The local grocer often functions as the anchor to a community. From providing quality, stable jobs to supporting causes like the local food bank and the youth softball league, grocers drive the local economy, all while providing safe, affordable, healthy foods to their customers. It is this tradition of community engagement and service to the customer that has kept third and fourth generation grocers thriving in an increasingly competitive industry that operates on a razor thin 1.9 percent profit margin annually. The food retail industry that the Food Marketing Institute and National Grocers Association proudly represent provides 4.8 million U.S. jobs and a large economic footprint.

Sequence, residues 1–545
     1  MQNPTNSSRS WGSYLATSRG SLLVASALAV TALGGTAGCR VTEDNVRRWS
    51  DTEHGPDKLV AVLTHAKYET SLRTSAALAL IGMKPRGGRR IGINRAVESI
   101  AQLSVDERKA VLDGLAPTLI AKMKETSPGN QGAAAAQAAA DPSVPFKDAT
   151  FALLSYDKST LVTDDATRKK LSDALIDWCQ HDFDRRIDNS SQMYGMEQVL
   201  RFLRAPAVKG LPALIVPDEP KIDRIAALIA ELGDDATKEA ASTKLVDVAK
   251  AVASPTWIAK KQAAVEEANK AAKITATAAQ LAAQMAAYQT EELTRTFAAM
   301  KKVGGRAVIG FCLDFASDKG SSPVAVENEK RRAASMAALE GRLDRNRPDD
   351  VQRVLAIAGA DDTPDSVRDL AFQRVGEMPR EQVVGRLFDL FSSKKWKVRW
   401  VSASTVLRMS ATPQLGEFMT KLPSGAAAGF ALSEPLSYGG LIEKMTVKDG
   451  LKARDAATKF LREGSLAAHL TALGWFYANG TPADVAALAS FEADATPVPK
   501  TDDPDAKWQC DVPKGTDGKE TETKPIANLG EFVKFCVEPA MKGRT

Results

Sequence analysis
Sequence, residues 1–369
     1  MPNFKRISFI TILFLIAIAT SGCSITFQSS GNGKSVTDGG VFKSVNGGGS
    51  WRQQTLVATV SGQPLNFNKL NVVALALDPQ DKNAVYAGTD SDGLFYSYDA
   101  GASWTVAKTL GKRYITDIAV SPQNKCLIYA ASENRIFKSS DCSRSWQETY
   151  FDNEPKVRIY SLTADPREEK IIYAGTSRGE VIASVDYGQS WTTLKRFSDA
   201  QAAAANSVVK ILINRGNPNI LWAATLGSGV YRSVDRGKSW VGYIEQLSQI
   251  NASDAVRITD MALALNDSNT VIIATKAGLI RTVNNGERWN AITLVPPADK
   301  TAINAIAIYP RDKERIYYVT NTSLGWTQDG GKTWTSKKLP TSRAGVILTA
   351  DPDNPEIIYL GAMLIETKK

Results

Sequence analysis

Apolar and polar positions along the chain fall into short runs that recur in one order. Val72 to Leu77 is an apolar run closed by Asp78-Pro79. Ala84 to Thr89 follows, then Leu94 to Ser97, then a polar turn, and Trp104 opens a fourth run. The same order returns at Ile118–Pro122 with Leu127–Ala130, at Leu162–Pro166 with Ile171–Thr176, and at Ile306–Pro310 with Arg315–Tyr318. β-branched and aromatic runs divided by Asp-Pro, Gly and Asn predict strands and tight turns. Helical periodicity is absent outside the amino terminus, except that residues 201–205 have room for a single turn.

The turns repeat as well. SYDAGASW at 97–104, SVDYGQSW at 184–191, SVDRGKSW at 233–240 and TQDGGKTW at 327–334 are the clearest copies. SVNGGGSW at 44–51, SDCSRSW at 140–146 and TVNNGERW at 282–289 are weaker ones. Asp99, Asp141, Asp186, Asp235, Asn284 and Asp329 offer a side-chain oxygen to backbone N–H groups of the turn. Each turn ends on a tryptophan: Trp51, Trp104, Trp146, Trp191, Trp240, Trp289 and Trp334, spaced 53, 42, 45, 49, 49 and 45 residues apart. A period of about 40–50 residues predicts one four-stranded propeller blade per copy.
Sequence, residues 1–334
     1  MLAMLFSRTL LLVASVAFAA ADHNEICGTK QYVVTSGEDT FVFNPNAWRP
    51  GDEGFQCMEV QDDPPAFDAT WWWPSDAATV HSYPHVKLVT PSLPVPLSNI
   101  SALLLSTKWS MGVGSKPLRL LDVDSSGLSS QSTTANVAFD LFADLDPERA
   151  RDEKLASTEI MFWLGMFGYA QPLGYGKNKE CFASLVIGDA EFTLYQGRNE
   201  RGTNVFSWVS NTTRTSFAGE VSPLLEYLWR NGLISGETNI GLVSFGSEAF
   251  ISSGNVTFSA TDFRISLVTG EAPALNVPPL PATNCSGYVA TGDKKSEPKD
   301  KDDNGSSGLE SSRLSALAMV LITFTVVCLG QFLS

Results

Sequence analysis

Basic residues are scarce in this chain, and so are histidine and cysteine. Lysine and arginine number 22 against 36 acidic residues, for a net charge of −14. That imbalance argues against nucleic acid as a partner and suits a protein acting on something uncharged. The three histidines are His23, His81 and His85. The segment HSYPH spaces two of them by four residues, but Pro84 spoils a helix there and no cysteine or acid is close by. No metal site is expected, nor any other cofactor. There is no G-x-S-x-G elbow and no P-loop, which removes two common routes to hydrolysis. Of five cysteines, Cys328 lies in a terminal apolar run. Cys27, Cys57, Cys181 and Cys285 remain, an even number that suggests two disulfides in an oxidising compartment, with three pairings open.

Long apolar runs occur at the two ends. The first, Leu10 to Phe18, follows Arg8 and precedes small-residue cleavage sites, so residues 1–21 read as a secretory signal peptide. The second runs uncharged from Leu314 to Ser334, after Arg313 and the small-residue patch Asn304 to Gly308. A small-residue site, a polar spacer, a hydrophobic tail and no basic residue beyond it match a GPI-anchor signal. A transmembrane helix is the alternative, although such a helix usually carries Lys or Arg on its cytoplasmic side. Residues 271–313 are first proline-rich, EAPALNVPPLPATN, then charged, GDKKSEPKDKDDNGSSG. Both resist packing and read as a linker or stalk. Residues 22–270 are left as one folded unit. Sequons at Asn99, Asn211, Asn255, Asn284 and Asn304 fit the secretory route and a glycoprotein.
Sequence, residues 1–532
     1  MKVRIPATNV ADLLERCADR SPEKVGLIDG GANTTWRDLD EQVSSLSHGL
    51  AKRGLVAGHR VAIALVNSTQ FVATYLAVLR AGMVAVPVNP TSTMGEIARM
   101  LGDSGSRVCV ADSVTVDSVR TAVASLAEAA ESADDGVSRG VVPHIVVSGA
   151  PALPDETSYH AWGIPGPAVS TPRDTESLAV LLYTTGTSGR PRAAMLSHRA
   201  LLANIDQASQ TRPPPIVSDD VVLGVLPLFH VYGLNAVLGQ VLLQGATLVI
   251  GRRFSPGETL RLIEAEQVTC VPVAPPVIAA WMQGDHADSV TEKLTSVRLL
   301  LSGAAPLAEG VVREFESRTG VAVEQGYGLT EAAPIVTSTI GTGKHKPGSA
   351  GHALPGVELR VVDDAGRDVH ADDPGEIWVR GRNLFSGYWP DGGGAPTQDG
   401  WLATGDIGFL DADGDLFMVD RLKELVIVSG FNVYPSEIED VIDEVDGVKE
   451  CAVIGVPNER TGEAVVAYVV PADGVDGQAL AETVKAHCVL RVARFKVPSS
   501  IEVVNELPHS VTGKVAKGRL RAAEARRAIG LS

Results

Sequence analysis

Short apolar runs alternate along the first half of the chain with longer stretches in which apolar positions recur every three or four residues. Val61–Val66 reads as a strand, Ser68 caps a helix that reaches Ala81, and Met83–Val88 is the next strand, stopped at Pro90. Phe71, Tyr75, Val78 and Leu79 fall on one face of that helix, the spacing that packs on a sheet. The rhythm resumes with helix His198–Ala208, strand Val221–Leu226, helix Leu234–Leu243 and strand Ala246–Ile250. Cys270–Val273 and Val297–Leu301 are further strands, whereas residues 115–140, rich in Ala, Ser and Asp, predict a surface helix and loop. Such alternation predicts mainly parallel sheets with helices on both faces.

As the U.S. shopper evolves, so must the grocery industry. Not only do we see growing competition in the traditional brick and mortar grocery store space, but its presence is also being felt in the online market as well. From the single store supermarket operator to the largest, nationwide chains, grocers must continue to innovate and find efficiencies to compete to earn customers’ return business.Like others in the retail sector, grocers have seen their costs of doing business rise dramatically over the past several years. One area in which they have been able to recognize some relief and begin to contain costs is in the previously non-competitive debit market. The 2010 debit reforms modestly introduced competition, predictability, and transparency into a market where previously none existed.
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